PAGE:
Over the offseason Ozzie left Chicago for Miami, taking the helm of the new-look Miami Marlins, who have big plans these days. They have left the mausoleum of a football stadium where they had played in their earlier history, moving to a somewhat garish new stadium in downtown Miami. They also now have a Yankees-sized payroll. Ozzie, who won a World Series for the Whities in 2005, would be the ringmaster of this South Florida circus.
And of course, since Ozzie Guillen is Ozzie, he remains liable to say anything. Only this time, he's said something that's far more problematic than criticizing the umpires or calling Nick Punto a [expletive] pirahna:
"I love Fidel Castro ... I respect Fidel Castro. You know why? A lot of people have wanted to kill Fidel Castro for the last sixty years but that [expletive] is still there.''
Now, if you are the manager of the San Francisco Giants, and you say something nice about, say, Che Guevara, you might get by with it. But praising Castro, even in a backhanded way, is about as big a no-no as any public figure can muster, especially in Miami, a city where hundreds of thousands of people whose families have suffered at the hands of Castro reside.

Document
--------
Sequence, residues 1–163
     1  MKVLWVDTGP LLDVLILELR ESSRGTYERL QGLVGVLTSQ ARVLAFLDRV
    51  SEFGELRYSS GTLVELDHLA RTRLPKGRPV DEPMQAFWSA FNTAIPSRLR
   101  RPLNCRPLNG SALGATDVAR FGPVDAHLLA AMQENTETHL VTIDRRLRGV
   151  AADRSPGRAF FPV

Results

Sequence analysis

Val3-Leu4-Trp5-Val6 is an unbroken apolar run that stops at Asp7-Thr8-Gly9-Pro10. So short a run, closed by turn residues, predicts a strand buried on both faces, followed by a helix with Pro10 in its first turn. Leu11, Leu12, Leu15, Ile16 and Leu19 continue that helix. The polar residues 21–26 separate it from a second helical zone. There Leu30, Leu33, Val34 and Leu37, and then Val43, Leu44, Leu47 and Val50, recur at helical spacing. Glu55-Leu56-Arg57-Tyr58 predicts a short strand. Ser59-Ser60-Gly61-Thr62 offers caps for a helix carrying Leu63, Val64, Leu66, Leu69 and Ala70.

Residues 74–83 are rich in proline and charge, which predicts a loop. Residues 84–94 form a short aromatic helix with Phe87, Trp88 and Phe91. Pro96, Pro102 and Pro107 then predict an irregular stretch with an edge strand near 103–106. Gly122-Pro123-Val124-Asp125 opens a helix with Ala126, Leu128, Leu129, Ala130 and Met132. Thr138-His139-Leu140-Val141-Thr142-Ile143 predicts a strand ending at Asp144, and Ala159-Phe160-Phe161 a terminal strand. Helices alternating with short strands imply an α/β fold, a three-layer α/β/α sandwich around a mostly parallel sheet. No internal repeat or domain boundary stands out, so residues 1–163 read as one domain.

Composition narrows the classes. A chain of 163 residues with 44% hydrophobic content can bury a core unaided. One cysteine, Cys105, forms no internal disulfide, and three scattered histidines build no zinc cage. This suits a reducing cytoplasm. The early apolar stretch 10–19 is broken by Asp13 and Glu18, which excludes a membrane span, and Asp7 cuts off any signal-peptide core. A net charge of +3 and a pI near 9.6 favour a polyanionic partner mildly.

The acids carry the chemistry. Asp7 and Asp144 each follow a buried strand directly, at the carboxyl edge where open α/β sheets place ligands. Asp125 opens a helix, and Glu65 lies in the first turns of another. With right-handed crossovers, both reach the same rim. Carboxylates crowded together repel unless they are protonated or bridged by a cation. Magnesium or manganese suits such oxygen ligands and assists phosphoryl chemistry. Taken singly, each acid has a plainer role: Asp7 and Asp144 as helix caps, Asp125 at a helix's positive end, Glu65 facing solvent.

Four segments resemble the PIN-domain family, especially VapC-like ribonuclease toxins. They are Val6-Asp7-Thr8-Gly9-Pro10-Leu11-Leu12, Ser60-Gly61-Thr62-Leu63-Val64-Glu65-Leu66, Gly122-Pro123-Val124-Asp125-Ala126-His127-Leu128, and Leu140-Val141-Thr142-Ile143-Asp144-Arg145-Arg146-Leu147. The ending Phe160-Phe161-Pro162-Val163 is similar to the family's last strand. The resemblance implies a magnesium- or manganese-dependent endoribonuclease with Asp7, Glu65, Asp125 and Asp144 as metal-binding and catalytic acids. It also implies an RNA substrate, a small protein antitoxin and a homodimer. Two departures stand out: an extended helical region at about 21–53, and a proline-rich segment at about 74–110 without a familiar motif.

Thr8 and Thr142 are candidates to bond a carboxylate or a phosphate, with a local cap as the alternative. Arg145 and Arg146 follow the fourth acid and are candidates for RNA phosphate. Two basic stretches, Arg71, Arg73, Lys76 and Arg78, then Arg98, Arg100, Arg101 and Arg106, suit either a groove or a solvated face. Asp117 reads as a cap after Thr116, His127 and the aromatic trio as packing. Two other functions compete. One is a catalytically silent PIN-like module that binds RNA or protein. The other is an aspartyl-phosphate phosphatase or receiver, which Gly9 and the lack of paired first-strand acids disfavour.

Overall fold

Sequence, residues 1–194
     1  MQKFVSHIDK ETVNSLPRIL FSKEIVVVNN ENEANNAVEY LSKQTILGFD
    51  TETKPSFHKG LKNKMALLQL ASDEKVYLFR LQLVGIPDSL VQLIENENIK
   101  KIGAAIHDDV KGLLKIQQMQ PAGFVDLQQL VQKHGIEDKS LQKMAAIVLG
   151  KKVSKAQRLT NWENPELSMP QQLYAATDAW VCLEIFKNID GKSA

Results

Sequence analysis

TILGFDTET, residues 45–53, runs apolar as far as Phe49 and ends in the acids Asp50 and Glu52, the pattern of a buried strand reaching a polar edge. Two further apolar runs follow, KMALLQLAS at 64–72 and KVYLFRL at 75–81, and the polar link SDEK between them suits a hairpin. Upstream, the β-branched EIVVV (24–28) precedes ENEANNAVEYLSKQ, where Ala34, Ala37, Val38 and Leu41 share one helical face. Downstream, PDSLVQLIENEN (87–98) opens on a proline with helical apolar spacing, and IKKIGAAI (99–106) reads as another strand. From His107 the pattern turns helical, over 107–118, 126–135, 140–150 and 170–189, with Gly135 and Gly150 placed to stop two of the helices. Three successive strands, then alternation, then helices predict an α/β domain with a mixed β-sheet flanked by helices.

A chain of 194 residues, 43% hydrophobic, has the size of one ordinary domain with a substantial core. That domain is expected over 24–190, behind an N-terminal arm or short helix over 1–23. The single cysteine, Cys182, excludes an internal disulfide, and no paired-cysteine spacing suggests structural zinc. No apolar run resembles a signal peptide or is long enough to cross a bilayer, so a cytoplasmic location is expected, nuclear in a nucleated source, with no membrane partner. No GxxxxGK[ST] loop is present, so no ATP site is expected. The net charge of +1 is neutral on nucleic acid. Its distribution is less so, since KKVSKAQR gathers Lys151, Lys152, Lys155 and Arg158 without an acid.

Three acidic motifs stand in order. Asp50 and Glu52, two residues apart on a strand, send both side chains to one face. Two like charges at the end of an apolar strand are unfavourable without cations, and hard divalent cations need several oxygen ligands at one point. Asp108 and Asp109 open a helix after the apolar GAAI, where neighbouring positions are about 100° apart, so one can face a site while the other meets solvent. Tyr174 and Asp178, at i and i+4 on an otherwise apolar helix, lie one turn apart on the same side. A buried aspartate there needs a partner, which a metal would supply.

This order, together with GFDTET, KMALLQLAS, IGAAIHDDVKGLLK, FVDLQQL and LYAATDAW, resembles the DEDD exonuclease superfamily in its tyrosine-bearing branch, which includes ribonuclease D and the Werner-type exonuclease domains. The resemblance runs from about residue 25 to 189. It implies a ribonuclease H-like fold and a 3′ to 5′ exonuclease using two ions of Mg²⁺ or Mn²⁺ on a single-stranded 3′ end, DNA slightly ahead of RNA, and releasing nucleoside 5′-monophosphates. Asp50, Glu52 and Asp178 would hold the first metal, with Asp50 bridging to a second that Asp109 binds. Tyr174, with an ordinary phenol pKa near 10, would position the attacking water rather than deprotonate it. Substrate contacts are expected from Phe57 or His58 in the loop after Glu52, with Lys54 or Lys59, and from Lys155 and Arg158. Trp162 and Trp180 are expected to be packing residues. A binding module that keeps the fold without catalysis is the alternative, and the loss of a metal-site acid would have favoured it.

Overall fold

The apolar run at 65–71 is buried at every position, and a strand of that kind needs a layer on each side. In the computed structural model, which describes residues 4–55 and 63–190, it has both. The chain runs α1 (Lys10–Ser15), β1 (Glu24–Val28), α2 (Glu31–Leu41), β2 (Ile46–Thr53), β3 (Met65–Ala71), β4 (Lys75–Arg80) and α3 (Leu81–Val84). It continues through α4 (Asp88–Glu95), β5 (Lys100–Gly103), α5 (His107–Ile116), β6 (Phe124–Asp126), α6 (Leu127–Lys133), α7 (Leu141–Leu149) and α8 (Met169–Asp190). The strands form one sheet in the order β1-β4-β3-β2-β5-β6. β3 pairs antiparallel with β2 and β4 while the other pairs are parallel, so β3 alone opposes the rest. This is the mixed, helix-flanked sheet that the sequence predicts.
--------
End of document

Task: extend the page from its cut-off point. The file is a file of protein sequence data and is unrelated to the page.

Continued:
For their part, the Marlins were having none of it:
The Marlins issued this statement: "We are aware of the article. There is nothing to respect about Fidel Castro. He is a brutal dictator who has caused unthinkable pain for more than fifty years. We live in a community filled with victims of this dictatorship and the people in Cuba continue to suffer today."And you would think that Ozzie would understand all this, even from his own experiences. When he was with the White Sox, he managed a number of Cuban defectors, including Jose Contreras, Alexei Ramirez and Dayan Viciedo, just within the last few years. I would imagine these individuals probably had a story or two to share. And given that Ozzie himself is from Venezuela, where one of Castro's acolytes, Hugo Chavez, has been driving his nation to ruin for over a decade, it's really hard to understand.
I'm reminded of what happened to Marge Schott, the crackpot who used to own the Cincinnati Reds, when she told an astonished ESPN reporter the following about Adolf Hitler:
"Everything you read, when he came in [to power] he was good...They built tremendous highways and got all the factories going...Everybody knows he was good at the beginning but he just went too far."Baseball quickly ran Marge Schott off after that incident, mostly because she was bad for business. Praising Castro is pretty bad for business, too. Ozzie may survive this episode, but if he does, he's going to be on a very short tether for the rest of his career.